Why the Incarnation? (Part 1)

Q. 39. Why was it requisite that the mediator should be man?
A. It was requisite that the mediator should be man, that he might advance our nature, perform obedience to the law, suffer and make intercession for us in our nature, have a fellow-feeling of our infirmities; that we might receive the adoption of sons, and have comfort and access with boldness unto the throne of grace.

There are a lot of good biblical answers to the question, ‘Why did the Son of God become man?’ In fact, there are some fairly basic, yet profound answers to the question. The Son of God became man, because it pleased God to do this. Nothing forced God to send his Son; he freely and graciously did this, by his own choice so we would have a redeemer (Joh. 3:16; 2 Cor. 8:9). God’s fundamental motivation was his own gracious character!  Another reason for the incarnation is that God had promised long ago that he would do this. In the incarnation, God was showing himself faithful to his word (Rom. 3:20; 2 Cor. 1:20; cf. Gen. 3:15; Isa. 9:6-7). These are simple answers, but quite powerful when we reflect upon them.

I think Larger Catechism 39 assumes these kinds of answers, but digs a little deeper. It looks at the incarnation in view of the work that Christ would do as true man, and the spiritual blessings that flow to us from that incarnate work. Without the incarnation such redeeming work would not have been accomplished and such wonderful blessings could not be ours. I count six reasons for the incarnation listed by Larger Catechism 39:

1) that he might advance our nature
2) perform obedience to the law
3) suffer and make intercession for us in our own nature
4) have a fellow-feeling of our infirmities
5) that we might receive the adoption of sons
6) and have comfort and access with boldness unto the throne of grace

Each one of these answers gives us a lot to think about. I believe that each one implies something distressing about humanity’s condition apart from Christ. If the Son of God needed to become man to do these things for us, then it must mean that we are lacking in these areas apart from him. Apart from the God-man, we are in bondage to sin (1), we are lacking in obedience to God’s law (2), we stand in need of priestly intercession because of our guilt, lowliness, and lack of safe access to holy God (3, 4, 6), and we are alienated from fellowship with God (5). Each answer implies the bad news of sin and the fallen-ness humanity.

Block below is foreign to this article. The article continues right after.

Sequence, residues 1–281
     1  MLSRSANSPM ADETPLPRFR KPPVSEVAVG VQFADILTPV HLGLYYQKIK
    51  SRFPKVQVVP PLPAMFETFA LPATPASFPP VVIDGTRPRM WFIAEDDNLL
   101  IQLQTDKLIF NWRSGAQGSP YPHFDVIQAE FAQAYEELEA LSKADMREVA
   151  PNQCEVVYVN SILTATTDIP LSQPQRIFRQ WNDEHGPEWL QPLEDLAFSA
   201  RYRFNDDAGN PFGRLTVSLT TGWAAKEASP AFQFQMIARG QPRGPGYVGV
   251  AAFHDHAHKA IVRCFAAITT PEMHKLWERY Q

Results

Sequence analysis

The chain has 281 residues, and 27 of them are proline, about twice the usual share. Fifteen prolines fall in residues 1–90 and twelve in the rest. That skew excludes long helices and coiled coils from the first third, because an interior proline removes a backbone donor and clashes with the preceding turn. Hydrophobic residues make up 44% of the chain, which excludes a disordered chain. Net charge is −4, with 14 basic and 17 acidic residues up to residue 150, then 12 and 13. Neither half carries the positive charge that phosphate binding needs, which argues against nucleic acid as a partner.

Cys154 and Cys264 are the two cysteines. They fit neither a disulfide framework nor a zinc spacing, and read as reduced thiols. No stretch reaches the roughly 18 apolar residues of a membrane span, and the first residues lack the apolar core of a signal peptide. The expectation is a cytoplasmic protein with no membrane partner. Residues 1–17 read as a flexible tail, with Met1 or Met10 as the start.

But each answer explicitly shows us the good news of the Gospel. Jesus Christ, God incarnate, has provided for us the very things that we as fallen human beings lack. Christ is the one who redeems a people to God (1), he is their righteousness (2), his sacrifices cleanses them of all sin (3), he is their priest who atones for their sins, sympathetically intercedes for them, and gives them safe access to God’s throne (3,4, 6), and he is their elder brother through whom they become members of God’s kingdom family (5). Each of these six answers brings out an element of the rich redeeming work of our Savior. And without the incarnation of Christ, without the Son of God condescending to our level to be conceived in the womb of the virgin Mary by the power of the Holy Ghost, none of them would be available to us. How important the incarnation is for us!

Another element could be added to this discussion, as well. To the extent that our own view of things (whether our view of ourselves, the world, or God) does not line up with these truths about the bad news of sin and the good news of the Gospel, these answers challenge our view of things and critique us. Of course, the catechism’s ‘critique’ of us doesn’t matter much in itself; it is a document composed by uninspired men. But we believe that the catechism faithfully summarizes the word of God. It accurately teaches what Scripture says on these issues, and so its critique is actually the Bible’s critique. In summary, the Biblical truths that we are dealing with in Larger Catechism 39 have the potential to reveal our own errant understanding of God, ourselves, and the world.  

I invite you to join with me in considering these reasons for the incarnation over the next few blog posts. May they be useful to lead us to Christ as our all-sufficient Savior who came into this world “for us and our salvation” (cf. Nicene Creed).